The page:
Relaxed body – If the dog is lying down, this could look like loose limbs, almond-shaped eyes and a relaxed head. If the dog is sitting or standing, this could be a loosely swishing tail, a relaxed pant with loose lips. Whether standing or lying down, wiggling body language such as turning around to get more of themselves close to you or rolling over are great signs that our dogs are enjoying this contact and feeling good.

This is not a comprehensive list, but covers many of the more common signs of stress in our dogs, particularly those seen in dogs who are not keen on cuddles. It’s always worth reading up on dog body language and practicing watching our dogs, or any other dogs we spend time with, to get used to spotting these signs – especially as they are often quite subtle. Learning what is “normal” for your dog by observing them when you know they are feeling relaxed and happy or doing something they enjoy, is a great way to make it easier to spot when they’re starting to feel uncomfortable. Ultimately, looking for that loose body language, giving our dogs the opportunity to approach us instead of moving into their space and checking if they want to continue the cuddle by stopping and giving them a chance to leave are all great ways to ensure our dogs are actively saying “yes, please!”
We all want our dogs to enjoy being with us and close to us, so making sure we are interacting with them in a way they are comfortable with is vital. This is also a wonderful way to develop trust and mutual respect between you and your dog. So go and enjoy your cuddles – if your dog wants to! But remember that not every dog enjoys them, and that’s okay! Watch your dog and figure out what makes them feel good, because there will be other ways that you can share the love and affection you have for one another.
If you want to learn more about your dogs body language and how to ‘talk dog’ why not join us at our puppy and dog training classes. Click here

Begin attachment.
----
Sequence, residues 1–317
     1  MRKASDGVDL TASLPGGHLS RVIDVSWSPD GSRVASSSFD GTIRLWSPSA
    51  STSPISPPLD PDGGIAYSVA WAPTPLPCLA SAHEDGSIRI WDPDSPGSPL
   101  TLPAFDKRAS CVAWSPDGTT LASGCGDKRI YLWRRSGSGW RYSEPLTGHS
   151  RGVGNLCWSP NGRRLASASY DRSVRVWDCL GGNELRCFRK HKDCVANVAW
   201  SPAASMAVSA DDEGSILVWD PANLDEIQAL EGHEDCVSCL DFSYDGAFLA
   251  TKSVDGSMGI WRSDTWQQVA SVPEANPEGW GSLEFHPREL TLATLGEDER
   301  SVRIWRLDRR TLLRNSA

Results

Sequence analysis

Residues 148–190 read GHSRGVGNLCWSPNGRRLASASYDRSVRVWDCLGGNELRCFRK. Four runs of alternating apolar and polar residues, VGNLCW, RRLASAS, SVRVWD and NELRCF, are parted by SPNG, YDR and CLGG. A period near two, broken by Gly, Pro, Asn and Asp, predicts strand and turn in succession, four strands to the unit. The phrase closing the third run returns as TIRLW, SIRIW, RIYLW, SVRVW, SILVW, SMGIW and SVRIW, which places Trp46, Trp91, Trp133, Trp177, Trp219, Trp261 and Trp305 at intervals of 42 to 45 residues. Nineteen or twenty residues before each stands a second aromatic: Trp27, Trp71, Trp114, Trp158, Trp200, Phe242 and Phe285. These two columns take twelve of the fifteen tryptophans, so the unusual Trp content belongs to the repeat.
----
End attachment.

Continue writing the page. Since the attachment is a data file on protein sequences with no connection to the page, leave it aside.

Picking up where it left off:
Do dogs like hugs?

Written by Pure Pet Food Pure Pet Food are the experts in healthy dog food and healthy dogs featured in media outlets such as BBC, Good Housekeeping and The Telegraph. Working with high profile veterinary professionals and nutritionists, Pure Pet Food are changing dog food for the better. — Our editorial process

Although you might think your hound is the most huggable animal on the planet, it turns out your pooch might not appreciate getting a squeeze.

After all, not all humans enjoy hugs. Some of us can even find it quite uncomfortable, (especially if we don’t know the person who is hugging us very well!) And sometimes, we’re simply not in the mood for a snuggle.

So is it the same for our furry friends? Do dogs like hugs, or are they just as hit and miss about being held as we humans are? Let’s take a look at whether or not our hounds love a hug.

Do dogs like hugs?

Although we humans love a hug, our furry friends aren’t always so keen. Although your dog might tolerate a hug, they probably won’t enjoy it. In fact, the majority of dogs do not like hugs.

Wrapping your arms around your dog and holding them close might feel wonderfully warm and fluffy for you, but dogs don’t get the same enjoyment from this embrace. It can even stress them out!